The Olympic spirit?

Cyclists banned from Newham for the duration of the Games.


For your average left-winger (like me), grandiose patriotic events are usually characterised by post-imperial malaise, myth-peddling and latent racism – until Friday night. Danny Boyle’s Olympic opening ceremony revealed a country forged in the actions of ordinary people; actions which to defined a new British spirit of compassion, diversity, irreverence, and audacity. As Anthony Painter so beautifully put it, "The orthodox view of the people as merely extras in a story of regal supremacy and a march to global domination now seems as peculiar as a gurn on the face of Mr Bean." In three hours, Boyle seemed to reclaim history for we, the people, from the royals and politicians who would otherwise own it.
But as I watched the Olympic flag being paraded around the stadium, something was happening outside. The police were arresting over 100 members of the cycling group, Critical Mass; a group which has been cycling on London’s streets for the last 18 years with no aim but to celebrate the joy of bikes. In the words of one cyclist who was arrested, "I can honestly say I had absolutely zero intention of disrupting the Olympics. I don’t think anyone did. It was about enjoying cycling – not hating the Olympics."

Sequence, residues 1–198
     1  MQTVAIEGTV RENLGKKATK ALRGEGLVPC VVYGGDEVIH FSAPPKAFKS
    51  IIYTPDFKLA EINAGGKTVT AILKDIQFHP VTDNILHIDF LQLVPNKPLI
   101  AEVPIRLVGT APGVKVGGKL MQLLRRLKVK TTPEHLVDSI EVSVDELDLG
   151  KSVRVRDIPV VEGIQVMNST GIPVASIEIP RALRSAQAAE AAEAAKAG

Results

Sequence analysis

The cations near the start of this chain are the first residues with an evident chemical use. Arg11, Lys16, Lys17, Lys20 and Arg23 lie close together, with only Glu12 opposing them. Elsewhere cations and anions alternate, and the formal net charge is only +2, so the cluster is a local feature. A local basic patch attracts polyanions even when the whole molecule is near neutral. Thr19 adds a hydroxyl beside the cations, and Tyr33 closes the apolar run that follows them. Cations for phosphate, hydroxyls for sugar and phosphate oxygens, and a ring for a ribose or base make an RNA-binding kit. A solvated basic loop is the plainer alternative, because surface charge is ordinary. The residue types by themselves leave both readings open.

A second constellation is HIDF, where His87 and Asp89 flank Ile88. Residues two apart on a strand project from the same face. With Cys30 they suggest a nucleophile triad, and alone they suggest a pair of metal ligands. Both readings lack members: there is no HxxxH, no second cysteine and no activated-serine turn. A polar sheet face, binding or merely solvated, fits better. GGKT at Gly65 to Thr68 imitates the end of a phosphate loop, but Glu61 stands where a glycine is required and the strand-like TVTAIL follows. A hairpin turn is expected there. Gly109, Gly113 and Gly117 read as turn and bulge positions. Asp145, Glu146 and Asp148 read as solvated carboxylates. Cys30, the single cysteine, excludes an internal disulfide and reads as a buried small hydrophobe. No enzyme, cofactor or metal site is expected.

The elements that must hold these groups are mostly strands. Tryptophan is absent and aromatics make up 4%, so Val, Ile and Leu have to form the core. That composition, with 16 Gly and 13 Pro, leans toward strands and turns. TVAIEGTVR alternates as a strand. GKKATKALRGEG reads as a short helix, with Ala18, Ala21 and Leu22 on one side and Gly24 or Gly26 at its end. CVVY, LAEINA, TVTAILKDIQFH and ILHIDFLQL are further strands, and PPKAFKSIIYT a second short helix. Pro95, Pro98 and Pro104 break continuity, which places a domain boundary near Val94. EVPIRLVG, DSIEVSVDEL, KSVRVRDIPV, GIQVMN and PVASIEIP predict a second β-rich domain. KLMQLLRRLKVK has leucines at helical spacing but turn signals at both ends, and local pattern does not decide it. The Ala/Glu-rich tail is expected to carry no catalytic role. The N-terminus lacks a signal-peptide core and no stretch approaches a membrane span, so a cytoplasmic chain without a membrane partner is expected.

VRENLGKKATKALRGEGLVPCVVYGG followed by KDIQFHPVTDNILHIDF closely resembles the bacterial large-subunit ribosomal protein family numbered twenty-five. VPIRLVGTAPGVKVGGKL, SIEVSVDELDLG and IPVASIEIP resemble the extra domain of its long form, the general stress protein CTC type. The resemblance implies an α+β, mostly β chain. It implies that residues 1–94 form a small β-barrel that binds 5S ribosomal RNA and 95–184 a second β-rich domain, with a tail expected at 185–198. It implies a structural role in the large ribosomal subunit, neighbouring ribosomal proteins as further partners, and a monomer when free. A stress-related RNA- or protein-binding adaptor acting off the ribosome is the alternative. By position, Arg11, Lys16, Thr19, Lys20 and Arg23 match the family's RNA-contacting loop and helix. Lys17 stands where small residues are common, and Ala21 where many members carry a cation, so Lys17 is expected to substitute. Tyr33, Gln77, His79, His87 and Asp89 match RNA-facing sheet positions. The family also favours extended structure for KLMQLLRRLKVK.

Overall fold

In 2008, the House of Lords ruled that Critical Mass was acting completely lawfully and that the Metropolitan Police were not allowed to obstruct the bike rides. And yet, at around midnight on Friday the police ushered cyclists into a cul-de-sac in East London, kettled them, and began forcing some off their bikes. Over 100 cyclists were then arrested under Section 12 of the Public Order Act. They were bundled on coaches, where they remained for over 7 hours without access to food, water or toilets. One of the arrestees was a 13-year-old boy.
Arrestees were later released with stringent bail conditions, including a ban from cycling in an entire London borough, Newham. Very little is written about how bail conditions are often used to essentially supress protest, but as Alastair, a cyclist present at the ride, summarised, "This is about taking a big chunk of potential activists out of the picture for the duration of the Olympics and using police bail to do it."